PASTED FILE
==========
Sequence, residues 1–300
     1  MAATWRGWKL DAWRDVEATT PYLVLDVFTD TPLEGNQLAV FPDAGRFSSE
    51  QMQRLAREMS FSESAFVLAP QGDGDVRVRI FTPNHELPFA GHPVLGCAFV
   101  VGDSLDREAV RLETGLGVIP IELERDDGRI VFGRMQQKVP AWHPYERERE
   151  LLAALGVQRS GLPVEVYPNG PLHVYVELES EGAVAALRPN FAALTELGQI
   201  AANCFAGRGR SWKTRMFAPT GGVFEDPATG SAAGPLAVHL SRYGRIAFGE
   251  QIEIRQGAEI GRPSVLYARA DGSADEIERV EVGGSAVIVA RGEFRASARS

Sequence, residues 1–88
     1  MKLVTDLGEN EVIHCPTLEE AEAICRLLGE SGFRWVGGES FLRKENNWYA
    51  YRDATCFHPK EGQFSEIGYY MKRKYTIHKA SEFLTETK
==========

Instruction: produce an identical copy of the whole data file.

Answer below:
Sequence, residues 1–300
     1  MAATWRGWKL DAWRDVEATT PYLVLDVFTD TPLEGNQLAV FPDAGRFSSE
    51  QMQRLAREMS FSESAFVLAP QGDGDVRVRI FTPNHELPFA GHPVLGCAFV
   101  VGDSLDREAV RLETGLGVIP IELERDDGRI VFGRMQQKVP AWHPYERERE
   151  LLAALGVQRS GLPVEVYPNG PLHVYVELES EGAVAALRPN FAALTELGQI
   201  AANCFAGRGR SWKTRMFAPT GGVFEDPATG SAAGPLAVHL SRYGRIAFGE
   251  QIEIRQGAEI GRPSVLYARA DGSADEIERV EVGGSAVIVA RGEFRASARS

Sequence, residues 1–88
     1  MKLVTDLGEN EVIHCPTLEE AEAICRLLGE SGFRWVGGES FLRKENNWYA
    51  YRDATCFHPK EGQFSEIGYY MKRKYTIHKA SEFLTETK